"One of the best features of P2P is that it optimizes bandwidth consumption by distributing it throughout the community of network users - an aspect that will make it possible for an oceanographer, for example, to use this system to request and acquire a complex animated representation of sea floor spreading within minutes from the LionShare network. Hence, researchers and academics will be able to exchange extremely large files via LionShare that just would not otherwise have been transferable. We believe the knowledge Internet2 member institutions have acquired in this area will be essential in fine-tuning the system for academic interests of this nature," he said.
Two additional partners under the plan, the Massachusetts Institute of Technology's Open Knowledge Initiative and a Canadian group known as eduSource, will collaborate with Penn State to create bridging technologies between LionShare and the centralized international digital repositories such as Merlot, SMETE, CAREO and EdNA, so that data from these centers can be interpreted and shared universally on the system's P2P networks.
In addition, Augustson said that project developers are designing LionShare's services to be flexible, enabling the network to accommodate both small private groups or large public organizations depending on specific needs. He also emphasized that the system will track user identity to ensure security, so that participants will never appear as "anonymous" to fellow network members when they're on the system.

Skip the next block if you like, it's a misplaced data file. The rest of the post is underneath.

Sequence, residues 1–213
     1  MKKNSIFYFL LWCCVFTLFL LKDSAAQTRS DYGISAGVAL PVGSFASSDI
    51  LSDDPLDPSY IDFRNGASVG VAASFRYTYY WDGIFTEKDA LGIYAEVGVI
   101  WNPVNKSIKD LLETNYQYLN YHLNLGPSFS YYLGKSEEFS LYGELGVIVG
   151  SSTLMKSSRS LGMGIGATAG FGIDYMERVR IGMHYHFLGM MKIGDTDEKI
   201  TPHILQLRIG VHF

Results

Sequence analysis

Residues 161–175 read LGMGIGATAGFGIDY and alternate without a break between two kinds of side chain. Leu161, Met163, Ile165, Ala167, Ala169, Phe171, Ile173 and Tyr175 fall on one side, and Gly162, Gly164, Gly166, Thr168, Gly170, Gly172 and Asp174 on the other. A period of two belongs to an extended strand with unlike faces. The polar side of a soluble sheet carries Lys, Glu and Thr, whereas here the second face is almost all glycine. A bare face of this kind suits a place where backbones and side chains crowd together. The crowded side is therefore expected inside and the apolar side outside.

"We envision that it will soon be possible for a physicist at Penn State to collaborate with a group of colleagues from different institutions around a specific set of scholarly resources using LionShare, and do this in an entirely secure and seamless way," he said. LionShare will demonstrate that P2P truly provides an exciting new tool for scholarly collaboration and synergy."
By John Wagner
Okay, so you have a nice Windows XP desktop machine in your house, connected to a modem or cable modem, and you're sitting pretty. Internet access, lots of file space on your multiple disks, a backup strategy; life is good. But one day, after succumbing to temptation at the computer store, you come home with a new addition--a laptop (or laptops). Worse, your spouse comes home with a laptop that has an Apple logo on the lid. Agonizing questions begin to fly: What now? Who gets to monopolize the phone line (or cable-modem ethernet cable)? How do you transfer files among the machines? What good is a laptop if I have to go down to the basement and plug in the network connection to get Internet access? What's the meaning of life?
Contrary to the pronouncements of Bill Gates and Steve Jobs, no software vendor has yet come up with the answer to the last question. But for the others, a wireless home network may be just what you need. Here's an introduction to how you can do it.
To begin with, this article assumes that your home desktop machine is running Windows XP. That's not because it can only be done with XP; the functionality I'm describing can be managed with an OS X Mac or Linux box. And in fact, if you're willing to spend the money, you can even buy dedicated hardware for this purpose (Apple, just to name one, will happily sell you a dedicated device called an "AirPort Base Station"). But Windows is undeniably the dominant home computing platform (for better or worse), so that's the angle from which I'll be approaching.